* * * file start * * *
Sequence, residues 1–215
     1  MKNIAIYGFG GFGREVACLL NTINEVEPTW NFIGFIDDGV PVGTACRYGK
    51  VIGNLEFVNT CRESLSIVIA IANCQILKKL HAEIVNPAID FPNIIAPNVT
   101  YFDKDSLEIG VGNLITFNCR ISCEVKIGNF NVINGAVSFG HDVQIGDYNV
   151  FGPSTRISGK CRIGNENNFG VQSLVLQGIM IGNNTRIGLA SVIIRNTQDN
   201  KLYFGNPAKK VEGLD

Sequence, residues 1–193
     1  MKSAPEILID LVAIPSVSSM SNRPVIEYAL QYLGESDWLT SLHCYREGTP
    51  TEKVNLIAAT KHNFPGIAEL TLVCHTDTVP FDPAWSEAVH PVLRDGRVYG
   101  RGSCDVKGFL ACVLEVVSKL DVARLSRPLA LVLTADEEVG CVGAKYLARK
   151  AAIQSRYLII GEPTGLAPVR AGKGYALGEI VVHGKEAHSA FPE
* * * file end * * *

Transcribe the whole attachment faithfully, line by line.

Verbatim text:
Sequence, residues 1–215
     1  MKNIAIYGFG GFGREVACLL NTINEVEPTW NFIGFIDDGV PVGTACRYGK
    51  VIGNLEFVNT CRESLSIVIA IANCQILKKL HAEIVNPAID FPNIIAPNVT
   101  YFDKDSLEIG VGNLITFNCR ISCEVKIGNF NVINGAVSFG HDVQIGDYNV
   151  FGPSTRISGK CRIGNENNFG VQSLVLQGIM IGNNTRIGLA SVIIRNTQDN
   201  KLYFGNPAKK VEGLD

Sequence, residues 1–193
     1  MKSAPEILID LVAIPSVSSM SNRPVIEYAL QYLGESDWLT SLHCYREGTP
    51  TEKVNLIAAT KHNFPGIAEL TLVCHTDTVP FDPAWSEAVH PVLRDGRVYG
   101  RGSCDVKGFL ACVLEVVSKL DVARLSRPLA LVLTADEEVG CVGAKYLARK
   151  AAIQSRYLII GEPTGLAPVR AGKGYALGEI VVHGKEAHSA FPE